S. 1130


Title I, section 3, to be amended to read as follows: SEC. 3. As used in this title, old-age assistance shall mean financial assistance a reasonable subsistence compatible with decency and health to persons not less than sixth-five years of age who, at the time of receiving such financial assistance, are not inmates of public or other charitable institutions: Provided, That in the case of a person so blind as to be unable to perform any work for which eyesight is essential, and so certified by a regular practicing physician, skilled in diseases of the eye, the provisions of this act shall apply to such blind person at the age of fifty years.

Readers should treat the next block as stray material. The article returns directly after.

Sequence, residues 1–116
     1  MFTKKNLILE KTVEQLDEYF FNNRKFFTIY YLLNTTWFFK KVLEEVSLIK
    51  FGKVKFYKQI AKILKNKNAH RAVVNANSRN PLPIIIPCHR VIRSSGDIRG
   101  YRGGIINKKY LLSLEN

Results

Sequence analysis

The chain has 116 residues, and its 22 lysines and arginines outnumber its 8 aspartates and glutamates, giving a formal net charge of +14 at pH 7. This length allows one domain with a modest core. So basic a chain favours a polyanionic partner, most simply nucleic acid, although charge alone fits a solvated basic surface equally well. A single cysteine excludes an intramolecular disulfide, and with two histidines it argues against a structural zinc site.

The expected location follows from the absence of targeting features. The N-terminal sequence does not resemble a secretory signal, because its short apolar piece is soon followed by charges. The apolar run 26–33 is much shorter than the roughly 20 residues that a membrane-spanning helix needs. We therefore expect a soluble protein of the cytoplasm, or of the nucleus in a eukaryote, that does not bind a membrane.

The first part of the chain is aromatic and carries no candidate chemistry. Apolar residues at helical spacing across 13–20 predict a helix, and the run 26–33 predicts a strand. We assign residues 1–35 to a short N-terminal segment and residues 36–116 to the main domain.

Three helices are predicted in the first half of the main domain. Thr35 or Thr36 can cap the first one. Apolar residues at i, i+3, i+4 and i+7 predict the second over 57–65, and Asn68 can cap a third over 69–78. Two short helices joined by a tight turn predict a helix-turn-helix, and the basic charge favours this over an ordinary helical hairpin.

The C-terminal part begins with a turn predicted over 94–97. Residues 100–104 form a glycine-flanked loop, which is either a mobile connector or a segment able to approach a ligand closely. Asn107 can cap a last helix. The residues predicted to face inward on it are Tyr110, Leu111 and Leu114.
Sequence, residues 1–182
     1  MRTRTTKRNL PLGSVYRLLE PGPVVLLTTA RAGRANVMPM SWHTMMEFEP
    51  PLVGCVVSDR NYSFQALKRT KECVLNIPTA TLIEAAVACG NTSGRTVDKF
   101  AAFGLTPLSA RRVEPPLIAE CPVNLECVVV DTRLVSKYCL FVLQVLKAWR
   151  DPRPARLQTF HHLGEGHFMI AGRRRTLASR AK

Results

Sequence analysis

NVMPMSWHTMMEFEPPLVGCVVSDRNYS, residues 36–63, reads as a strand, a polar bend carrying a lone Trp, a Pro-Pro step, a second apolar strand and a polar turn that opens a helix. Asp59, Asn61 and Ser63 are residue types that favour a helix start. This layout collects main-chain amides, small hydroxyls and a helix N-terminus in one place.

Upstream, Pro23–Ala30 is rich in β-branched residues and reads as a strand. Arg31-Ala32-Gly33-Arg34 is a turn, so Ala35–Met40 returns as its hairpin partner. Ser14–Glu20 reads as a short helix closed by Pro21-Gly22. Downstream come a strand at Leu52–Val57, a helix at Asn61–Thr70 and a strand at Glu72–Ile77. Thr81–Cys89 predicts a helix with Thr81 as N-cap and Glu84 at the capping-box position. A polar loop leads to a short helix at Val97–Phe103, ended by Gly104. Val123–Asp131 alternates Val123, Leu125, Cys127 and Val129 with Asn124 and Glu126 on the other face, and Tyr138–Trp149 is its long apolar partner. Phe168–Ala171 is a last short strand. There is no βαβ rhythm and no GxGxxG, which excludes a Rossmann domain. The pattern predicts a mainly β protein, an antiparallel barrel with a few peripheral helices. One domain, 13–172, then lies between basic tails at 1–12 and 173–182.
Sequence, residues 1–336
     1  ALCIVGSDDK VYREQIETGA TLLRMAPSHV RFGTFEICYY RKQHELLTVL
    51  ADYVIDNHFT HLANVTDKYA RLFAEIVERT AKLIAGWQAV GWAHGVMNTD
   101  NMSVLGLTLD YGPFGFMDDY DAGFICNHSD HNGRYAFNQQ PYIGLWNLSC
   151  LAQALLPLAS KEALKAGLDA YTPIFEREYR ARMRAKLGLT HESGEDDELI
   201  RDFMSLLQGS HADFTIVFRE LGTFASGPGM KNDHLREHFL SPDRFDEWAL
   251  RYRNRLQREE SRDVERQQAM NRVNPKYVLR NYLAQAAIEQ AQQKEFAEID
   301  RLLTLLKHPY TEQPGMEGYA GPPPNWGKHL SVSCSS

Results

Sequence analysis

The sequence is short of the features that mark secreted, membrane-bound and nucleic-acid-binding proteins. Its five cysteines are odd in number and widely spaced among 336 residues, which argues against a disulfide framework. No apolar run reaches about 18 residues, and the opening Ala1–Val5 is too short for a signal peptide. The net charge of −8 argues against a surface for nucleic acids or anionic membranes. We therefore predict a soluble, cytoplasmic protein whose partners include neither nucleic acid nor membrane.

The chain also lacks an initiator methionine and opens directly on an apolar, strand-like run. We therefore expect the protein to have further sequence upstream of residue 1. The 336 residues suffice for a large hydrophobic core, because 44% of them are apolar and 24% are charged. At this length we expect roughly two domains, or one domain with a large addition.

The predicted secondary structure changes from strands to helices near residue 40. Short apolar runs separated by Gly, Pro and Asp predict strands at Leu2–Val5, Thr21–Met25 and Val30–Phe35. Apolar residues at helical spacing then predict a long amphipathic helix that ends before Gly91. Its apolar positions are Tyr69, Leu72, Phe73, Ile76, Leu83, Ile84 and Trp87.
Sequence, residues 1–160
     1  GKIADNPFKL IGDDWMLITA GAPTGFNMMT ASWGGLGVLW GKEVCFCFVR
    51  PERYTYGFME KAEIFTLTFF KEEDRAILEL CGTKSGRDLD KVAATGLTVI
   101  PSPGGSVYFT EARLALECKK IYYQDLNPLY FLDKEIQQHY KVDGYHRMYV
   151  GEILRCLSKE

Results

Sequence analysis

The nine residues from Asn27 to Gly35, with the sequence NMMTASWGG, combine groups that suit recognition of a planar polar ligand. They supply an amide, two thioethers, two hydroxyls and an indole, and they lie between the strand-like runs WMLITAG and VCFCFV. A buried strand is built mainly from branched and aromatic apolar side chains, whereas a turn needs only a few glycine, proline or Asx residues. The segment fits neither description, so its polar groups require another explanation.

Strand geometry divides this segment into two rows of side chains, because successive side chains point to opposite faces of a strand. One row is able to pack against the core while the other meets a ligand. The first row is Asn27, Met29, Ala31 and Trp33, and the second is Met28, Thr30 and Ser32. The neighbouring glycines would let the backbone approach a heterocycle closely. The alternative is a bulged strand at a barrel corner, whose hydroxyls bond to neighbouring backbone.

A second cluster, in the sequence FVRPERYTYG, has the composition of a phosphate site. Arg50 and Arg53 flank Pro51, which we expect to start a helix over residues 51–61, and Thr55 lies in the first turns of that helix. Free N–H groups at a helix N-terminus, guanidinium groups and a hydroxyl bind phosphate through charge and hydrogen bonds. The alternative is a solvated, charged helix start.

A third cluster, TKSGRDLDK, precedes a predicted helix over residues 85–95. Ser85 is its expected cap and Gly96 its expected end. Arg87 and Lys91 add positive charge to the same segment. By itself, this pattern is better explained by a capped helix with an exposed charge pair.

After the words crippled children wherever they occur (subsection (a), lines 5 and 16, and subsection (b), line 6) the words “including children with seriously defective vision” to be inserted.